Dan & Debbie Dannheisser
Roberto & Leah Mei
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JFCS Tribute to Veterans Luncheon The Tribute to Veterans Service to Community Awards Luncheon sponsored by JFCS to support its Operation Military Assistance Program honored four local veterans for their patriotism, service to others and offering hope to local veterans. Award recipients were SSG Richard R. Alvarez, Commander, Kirby Stewart American Legion Post 24; MSG Christopher L. Davis, Program Manager for Goodwill Manasota, The American Veterans and their Families Initiative; SPC Andy Hooker, President, Sarasota County Veterans Commission and proud member of Alpha Company of the Vietnam Brotherhood; and COL John C. Oâ€™Brien, Past President, Military Officers Association of Sarasota. COL Troy Scott chaired the event which included a presentation of a framed print of the Flag Raising at Iwo Jima by WWII Veteran Harold Ronson to JFCS Board Chair Joe Mendels.
Tonya Getzen Gowan, Molly Jackson & Holly Johnson
Available for immediate delivery.
Photos by Cliff Roles
Rose Chapman & Troy Scott
Richard Alvarez, Chris Davis, Andy Hooker & John Oâ€™Brien
Joe Mendels & Harold Ronson
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July Calendar For a complete listing of community events please visit scenesarasota.com
Photo by Cliff Roles
Suncoast Offshore Grand Prix Festival Through July 6. This week-long celebration is filled with fun, excitement and a variety of events up to and around the powerboat race. Benefits the Suncoast Charities for Children. 941.371.8820 x1800 | suncoastoffshore.org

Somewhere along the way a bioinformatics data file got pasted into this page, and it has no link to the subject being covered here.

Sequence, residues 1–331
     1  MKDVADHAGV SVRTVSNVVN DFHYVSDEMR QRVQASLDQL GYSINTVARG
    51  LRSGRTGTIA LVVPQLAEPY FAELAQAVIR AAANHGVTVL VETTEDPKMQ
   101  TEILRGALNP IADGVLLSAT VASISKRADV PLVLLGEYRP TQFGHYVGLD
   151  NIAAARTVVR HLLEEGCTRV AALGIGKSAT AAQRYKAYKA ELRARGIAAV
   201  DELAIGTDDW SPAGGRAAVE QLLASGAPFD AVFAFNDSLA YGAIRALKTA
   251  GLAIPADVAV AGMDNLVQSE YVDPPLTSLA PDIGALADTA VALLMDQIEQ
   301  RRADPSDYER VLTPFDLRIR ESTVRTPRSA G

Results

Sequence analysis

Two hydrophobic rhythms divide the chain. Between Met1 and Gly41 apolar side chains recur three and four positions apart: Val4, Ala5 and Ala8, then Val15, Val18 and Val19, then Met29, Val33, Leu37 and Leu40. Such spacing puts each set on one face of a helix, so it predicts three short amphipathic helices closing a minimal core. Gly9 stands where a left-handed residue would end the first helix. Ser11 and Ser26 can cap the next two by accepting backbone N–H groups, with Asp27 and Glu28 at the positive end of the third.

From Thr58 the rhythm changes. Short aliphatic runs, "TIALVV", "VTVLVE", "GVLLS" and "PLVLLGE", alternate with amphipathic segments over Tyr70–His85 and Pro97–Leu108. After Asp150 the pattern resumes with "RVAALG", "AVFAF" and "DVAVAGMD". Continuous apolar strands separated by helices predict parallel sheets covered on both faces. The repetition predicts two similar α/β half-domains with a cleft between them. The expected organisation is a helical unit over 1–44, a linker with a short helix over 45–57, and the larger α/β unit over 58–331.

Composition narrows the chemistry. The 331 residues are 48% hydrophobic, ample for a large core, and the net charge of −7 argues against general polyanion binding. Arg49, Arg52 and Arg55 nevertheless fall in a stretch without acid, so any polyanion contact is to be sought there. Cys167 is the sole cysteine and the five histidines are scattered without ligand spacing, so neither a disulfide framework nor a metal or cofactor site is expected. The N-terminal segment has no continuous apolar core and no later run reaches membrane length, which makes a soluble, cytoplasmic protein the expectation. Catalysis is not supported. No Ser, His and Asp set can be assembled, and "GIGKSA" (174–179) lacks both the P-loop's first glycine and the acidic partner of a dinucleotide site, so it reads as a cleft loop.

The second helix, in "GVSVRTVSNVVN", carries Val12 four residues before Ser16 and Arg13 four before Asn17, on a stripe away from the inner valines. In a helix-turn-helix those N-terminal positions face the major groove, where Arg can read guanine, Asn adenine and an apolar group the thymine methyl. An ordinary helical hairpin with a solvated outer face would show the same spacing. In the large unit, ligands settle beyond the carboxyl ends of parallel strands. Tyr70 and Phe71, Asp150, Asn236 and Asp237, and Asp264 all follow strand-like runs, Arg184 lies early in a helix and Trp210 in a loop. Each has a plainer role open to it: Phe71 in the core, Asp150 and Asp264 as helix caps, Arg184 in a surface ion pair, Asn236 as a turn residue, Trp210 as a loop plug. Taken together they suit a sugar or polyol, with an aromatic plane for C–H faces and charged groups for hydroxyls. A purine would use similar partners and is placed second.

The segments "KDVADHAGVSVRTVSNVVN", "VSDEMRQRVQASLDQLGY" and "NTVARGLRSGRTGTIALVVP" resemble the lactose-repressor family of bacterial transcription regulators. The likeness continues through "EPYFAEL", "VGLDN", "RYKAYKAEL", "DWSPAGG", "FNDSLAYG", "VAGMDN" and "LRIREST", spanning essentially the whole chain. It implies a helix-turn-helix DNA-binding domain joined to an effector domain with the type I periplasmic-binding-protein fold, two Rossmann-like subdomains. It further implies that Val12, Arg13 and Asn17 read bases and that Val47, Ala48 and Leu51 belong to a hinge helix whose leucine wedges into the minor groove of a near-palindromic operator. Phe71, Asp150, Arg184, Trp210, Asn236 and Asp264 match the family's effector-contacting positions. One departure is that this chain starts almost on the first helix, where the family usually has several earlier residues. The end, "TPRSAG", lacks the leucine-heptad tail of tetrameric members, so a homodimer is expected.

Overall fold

The Ringling’s Summer Circus Spectacular Through August 2. Annual Summer Circus Spectacular at the Historic Asolo Theater. Presented in collaboration with Circus Sarasota, this on-stage exhibition of circus artistry provides delightful summer entertainment for children of all ages. Tickets: $12 - $15 | 941.360.7399 | ringling.org
The Ringling Art After 5 Thursdays through November 20 5:00 pm. Explore the art in the Museum of Art and Circus Museum or catch a romantic sunset on Sarasota Bay as Ca’ d’Zan. Enjoy music and insights into the collection through gallery discussions. Tickets: $5 - $10 | 941.359.5700 | ringling.org
BeachHouse Restaurant’s 19th Annual Fireworks Extravaganza July 3 BeachHouse Restaurant, Anna Maria Island. Enjoy the fireworks from the beach along with a special VIP dinner and a fabulous party. beachhouse.groupersandwich.com
Gloria Musicae’s A Patriotic Spectacular July 4 First United Methodist Church 4:30 pm. Enjoy rousing patriotic songs, traditional American folk songs and a tribute to Harold Arlen that highlight the vocal fireworks that Gloria Musicae presents. Tickets: $35 | 941.387.6046 | gloriamusicae.org
Enjoy it to the Fullest.
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ONE PLACE. SEVENTEEN AGENCIES.
Selby Gardens Tropical 4th of July July 4 Selby Gardens 6:00 pm. Enjoy the laid back island sounds of Impulse, pre-bayfront show. Activities and entertainment for kids of all ages. Tickets: $17 - $20 | selby.org
24th Annual Siesta Key Fireworks July 4 Siesta Key Public beach 9:15 pm. Bring your beach blanket and beach chairs to enjoy the Siesta Sunset. Viewing is anywhere along Siesta Key Beach, Crescent Beach.
Art Center’s 2nd Annual Florida Flavor
July 10 – August 15 Art Center Sarasota 10:00 am. State-wide
For more than 23 years,
which showcases the exceptional artists who live and work in
the Glasser/Schoenbaum Human Services Center has been a place for low-income and at-risk
juried exhibition across all four of the Art Center’s galleries, Florida. 941.365.2032 | artsarasota.org
individuals, families and children to find help